Unveiling Chandrayaan-3’s Choice: Why Land at the Moon’s South Pole?

The precise landing of Chandrayaan-3’s Vikram lander, approaching the moon’s South Pole, marks a significant advancement in lunar exploration. While it remained within the moon’s “near side,” this mission ventured remarkably close to the lunar South Pole, enhancing the prospects of scientific discovery and resource investigation. To comprehend the rationale behind this approach, let’s delve into the concepts of the moon’s near and far sides, dispelling the myth of a “dark side.”

The moon’s near side encompasses approximately 60% of its surface that is perpetually visible from Earth. This unique configuration results from the moon’s synchronous rotation, with its rotational period matching its orbital period around Earth. It’s important to note that the term “dark side” is a misnomer; the moon’s far side, while not visible from Earth, receives ample sunlight during the “new moon” phase. The Soviet spacecraft Luna 3’s iconic 1959 images unveiled the enigmatic far side, previously obscured from human view. Subsequently, the Apollo 8 mission in 1968 allowed astronauts to witness the far side firsthand.

A stark contrast distinguishes the moon’s two hemispheres. The near side boasts smoother terrain, punctuated by extensive volcanic plains known as “maria.” In contrast, the far side presents colossal craters, likely arising from ancient asteroid impacts. This divergence arises from differences in crust thickness; the near side’s thinner crust facilitated the spread of volcanic lava, gradually concealing craters and forming the flat plains advantageous for space missions.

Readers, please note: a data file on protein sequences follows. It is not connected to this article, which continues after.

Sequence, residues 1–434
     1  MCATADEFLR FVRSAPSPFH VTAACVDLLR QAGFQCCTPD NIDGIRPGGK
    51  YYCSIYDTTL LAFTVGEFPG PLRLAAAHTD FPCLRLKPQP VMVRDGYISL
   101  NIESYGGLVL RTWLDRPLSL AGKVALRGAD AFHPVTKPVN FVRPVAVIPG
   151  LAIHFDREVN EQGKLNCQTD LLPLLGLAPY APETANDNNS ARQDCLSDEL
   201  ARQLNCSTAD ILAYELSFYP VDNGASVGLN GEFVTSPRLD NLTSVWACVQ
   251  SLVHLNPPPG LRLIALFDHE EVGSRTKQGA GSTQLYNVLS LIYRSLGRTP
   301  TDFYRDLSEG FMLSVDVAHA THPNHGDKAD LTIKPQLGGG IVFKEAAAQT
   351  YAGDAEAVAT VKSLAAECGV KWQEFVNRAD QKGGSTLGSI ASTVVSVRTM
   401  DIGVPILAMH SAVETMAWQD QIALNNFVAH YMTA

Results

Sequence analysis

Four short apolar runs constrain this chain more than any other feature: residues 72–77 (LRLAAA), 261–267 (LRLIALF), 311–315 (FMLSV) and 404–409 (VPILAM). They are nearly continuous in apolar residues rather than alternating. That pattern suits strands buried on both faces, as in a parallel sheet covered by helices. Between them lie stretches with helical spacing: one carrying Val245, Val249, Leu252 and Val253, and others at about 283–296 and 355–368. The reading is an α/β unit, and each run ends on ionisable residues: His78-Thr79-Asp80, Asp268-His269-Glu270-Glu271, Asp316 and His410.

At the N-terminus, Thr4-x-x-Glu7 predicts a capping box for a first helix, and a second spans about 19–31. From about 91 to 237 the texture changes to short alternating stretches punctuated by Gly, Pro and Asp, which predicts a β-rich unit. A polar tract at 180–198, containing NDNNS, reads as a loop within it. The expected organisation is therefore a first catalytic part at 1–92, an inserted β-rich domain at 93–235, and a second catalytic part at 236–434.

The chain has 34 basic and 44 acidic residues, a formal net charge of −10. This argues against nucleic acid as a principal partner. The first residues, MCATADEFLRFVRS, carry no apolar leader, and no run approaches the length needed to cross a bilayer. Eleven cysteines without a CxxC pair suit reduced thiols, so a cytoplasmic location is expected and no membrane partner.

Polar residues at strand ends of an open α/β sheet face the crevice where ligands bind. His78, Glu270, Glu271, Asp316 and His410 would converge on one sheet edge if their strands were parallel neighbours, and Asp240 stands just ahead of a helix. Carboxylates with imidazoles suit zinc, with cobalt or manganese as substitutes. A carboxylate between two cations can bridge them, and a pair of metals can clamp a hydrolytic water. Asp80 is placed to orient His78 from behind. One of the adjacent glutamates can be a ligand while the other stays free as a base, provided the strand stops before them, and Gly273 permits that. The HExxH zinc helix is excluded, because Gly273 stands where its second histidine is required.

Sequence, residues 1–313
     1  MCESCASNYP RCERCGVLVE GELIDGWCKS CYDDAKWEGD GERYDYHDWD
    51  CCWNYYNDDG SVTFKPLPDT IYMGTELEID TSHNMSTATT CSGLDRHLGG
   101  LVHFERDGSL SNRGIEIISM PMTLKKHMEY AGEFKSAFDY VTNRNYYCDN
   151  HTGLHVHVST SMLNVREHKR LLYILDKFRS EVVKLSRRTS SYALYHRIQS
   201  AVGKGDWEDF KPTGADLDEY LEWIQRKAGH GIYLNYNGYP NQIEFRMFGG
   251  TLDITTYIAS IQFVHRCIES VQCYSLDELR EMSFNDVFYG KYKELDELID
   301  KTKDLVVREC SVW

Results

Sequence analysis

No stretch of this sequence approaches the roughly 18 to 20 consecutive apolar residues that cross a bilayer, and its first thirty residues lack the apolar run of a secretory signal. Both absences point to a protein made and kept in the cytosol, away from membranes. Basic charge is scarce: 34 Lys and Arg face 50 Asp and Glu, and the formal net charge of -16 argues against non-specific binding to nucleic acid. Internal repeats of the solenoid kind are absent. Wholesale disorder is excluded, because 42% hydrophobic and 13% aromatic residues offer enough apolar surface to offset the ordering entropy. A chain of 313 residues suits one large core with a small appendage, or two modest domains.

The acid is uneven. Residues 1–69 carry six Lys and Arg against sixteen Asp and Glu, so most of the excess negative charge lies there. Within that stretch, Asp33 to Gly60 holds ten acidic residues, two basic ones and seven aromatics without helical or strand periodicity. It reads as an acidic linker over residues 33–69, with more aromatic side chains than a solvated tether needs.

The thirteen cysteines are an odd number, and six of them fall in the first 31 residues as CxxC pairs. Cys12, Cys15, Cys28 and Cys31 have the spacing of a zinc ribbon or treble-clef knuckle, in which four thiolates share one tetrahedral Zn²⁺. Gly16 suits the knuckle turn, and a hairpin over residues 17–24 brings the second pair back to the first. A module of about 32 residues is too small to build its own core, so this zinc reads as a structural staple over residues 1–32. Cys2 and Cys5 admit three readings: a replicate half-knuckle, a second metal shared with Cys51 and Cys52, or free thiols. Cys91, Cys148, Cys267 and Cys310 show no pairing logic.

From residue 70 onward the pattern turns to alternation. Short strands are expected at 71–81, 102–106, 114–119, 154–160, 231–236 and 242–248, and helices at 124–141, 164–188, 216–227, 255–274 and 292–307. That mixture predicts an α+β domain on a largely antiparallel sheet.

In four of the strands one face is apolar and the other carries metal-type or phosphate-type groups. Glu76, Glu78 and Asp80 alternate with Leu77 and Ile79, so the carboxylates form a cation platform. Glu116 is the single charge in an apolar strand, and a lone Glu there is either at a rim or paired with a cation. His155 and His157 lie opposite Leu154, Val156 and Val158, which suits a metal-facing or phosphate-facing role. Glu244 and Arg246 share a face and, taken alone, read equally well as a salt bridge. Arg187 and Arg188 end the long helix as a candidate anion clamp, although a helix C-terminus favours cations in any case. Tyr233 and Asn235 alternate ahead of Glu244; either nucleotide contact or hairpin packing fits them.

Chandrayaan-3’s defining characteristic lies in its calculated landing proximity to the lunar South Pole. Positioned at coordinates 69.36°S and 32.34°E, approximately 600 km from the South Pole, the Vikram lander’s placement aligns with a “permanently shadowed region.” This area, devoid of direct sunlight, increases the potential of encountering frozen water-ice and valuable deposits, offering insights into the moon’s composition and potential resources. While Vikram’s landing site wasn’t in total darkness—sunlight was necessary to power the lander and rover—it strategically balanced scientific objectives with energy requirements.

Crucially, Chandrayaan-3’s decision to land on the near side, despite the unique allure of the far side, stems from mission necessities. The near side enables direct communication with Earth, a pivotal aspect for real-time updates and control. Unlike the Chinese Chang’e 4 mission, which successfully landed on the far side, Chandrayaan-3 prioritized consistent line-of-sight communication with Earth, eliminating the need for relay mechanisms that would introduce time delays.

In essence, the Chandrayaan-3 mission showcases a meticulously considered approach to lunar exploration. By tactically situating the Vikram lander closer to the moon’s South Pole on the near side, Indian Space Research Organisation (ISRO) scientists aimed to maximize scientific revelations while ensuring operational feasibility. This mission underscores that landing locations are meticulously chosen to align with a mission’s broader objectives, highlighting the intricate dance between scientific curiosity and technical constraints in the realm of space exploration.